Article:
“Paris is a museum,” said the Paris-based filmmaker I’d been chatting with over beers.
Look beyond the monuments, museums, tourist traps, and other obvious must-sees and there’s vibrant everyday life. It may be a museum, but the people behind the scenes are fascinating to watch. It’s all about choosing your perspective.
Let’s get this out of the way: There is no one, perfect travel camera. There’s only the best camera that works for you. Or in this case, the one that works best for me. First, some history.
I’ve shot with SLRs and DSLRs for about 40 years. In 2010 I traveled to the UK with a bag of Nikon bodies and lenses. I was shooting for a client, but I also carried that gear as I walked around London on my own. The images were good; the experience was miserable.
Three years later I was packing for a trip to Paris and looked at my big bag of gear. I remembered lugging it around for two weeks. Instead, I packed my Ricoh GR and two spare batteries.
The Ricoh GR, if you’re not familiar with it, is a wonder camera. For some people. It has an APS-C sensor (the same size you’ll find in many DSLRs), and a range of features that allow users to focus on making great images. The lens is a fixed 28 mm f2.8 (35mm equivalent) that encourages getting closer to subjects. It also fits in a pocket. And that’s all I carried for a week and a half in Paris. You can see a few of the results below.
Since then, I’ve flirted with other cameras. My Fuji X100T often travels with me (and is a much better camera in marginal light), but I keep gravitating back to the Ricoh GR that’s been in my collection for five years. Here’s why:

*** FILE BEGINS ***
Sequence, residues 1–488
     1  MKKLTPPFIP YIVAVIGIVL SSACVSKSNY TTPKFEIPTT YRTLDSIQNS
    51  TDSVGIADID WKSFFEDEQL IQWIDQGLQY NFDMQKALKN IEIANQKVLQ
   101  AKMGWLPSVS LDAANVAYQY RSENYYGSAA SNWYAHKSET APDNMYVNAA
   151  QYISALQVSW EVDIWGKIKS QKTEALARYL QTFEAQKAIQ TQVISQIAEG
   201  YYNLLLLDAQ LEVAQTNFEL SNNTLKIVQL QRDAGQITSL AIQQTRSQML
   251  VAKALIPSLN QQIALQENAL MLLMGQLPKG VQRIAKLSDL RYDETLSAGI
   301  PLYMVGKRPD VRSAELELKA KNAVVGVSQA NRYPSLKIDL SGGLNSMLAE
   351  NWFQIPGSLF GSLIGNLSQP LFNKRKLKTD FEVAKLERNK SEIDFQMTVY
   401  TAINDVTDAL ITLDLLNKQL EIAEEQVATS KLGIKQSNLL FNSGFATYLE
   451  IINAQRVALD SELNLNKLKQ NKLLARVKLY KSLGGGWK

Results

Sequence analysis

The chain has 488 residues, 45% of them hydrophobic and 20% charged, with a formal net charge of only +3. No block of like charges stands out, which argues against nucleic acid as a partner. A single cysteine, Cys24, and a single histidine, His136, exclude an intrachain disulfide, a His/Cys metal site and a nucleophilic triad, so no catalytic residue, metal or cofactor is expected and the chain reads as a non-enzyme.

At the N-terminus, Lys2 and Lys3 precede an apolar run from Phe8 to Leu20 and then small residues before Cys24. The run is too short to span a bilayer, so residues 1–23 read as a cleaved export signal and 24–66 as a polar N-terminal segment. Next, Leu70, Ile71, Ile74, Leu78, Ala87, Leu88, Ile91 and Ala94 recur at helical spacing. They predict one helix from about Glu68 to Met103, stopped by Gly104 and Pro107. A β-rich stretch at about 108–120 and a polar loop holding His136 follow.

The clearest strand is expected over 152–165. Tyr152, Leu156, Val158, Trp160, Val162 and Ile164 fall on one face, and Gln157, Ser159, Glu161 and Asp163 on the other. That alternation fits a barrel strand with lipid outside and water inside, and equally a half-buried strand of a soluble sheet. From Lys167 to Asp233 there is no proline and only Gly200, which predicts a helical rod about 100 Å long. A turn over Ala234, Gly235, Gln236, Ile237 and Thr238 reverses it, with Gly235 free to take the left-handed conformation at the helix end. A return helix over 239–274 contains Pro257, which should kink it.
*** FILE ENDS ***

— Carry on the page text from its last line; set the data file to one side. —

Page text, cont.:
- It’s small and lightweight. The advantages of this are obvious.
- That lens. It’s better than a camera at this price point has any right to be–sharp, with little fall off or softening at the edges.
- Snap focus. If you’re familiar with zone focusing, this is essentially the same thing. When walking around I leave the focus point set at 1.5 meters (and aperture at f5.6); when I’m ready to snap a street pic the camera is already focused. There’s no lag. If I need to change the focus point I can simply press the AFL button on the back and it autofocuses.
- Superb JPEGs. The internal processor is excellent, and I don’t have to deal with large RAW files. The resolution is high enough to print high quality 11″x14″s.
- Custom settings. I have three custom settings that are changed on the top dial: Street color, street black and white, and square format black and white. I can switch between them quickly and without a lot of thought.
- It’s unobtrusive. People around me often don’t notice it, and don’t have the same reaction to it that they would have to a larger, more “serious” camera.
- It’s relatively inexpensive. I carry mine on my bike, and in situations where it might get beaten up. But it’s not so expensive that I worry about it. That way I can stick to the first maxim of cameras: The best camera is the one you have with you.
The GR has always been a cult camera, so much so that Ricoh periodically sighs (as much as a corporation can) and admits that there are enough photographers in love with the GR that it deserves an upgrade. The latest version is similar to mine, other than the addition of WiFi connectivity. But, there’s a Ricoh GRIII due early 2019 that’s going to be smaller and have a higher resolution sensor. The perfect camera, for me, might become more perfect.
This was a bit of serendipity. I shot video at a local cyclocross event, edited it into a brief video, and posted it on Vimeo where it was discovered by a rep from Filmed by Bike, a Portland, Oregon film festival. A few months later I was there watching it on the big screen at the Hollywood Theater. Enjoy.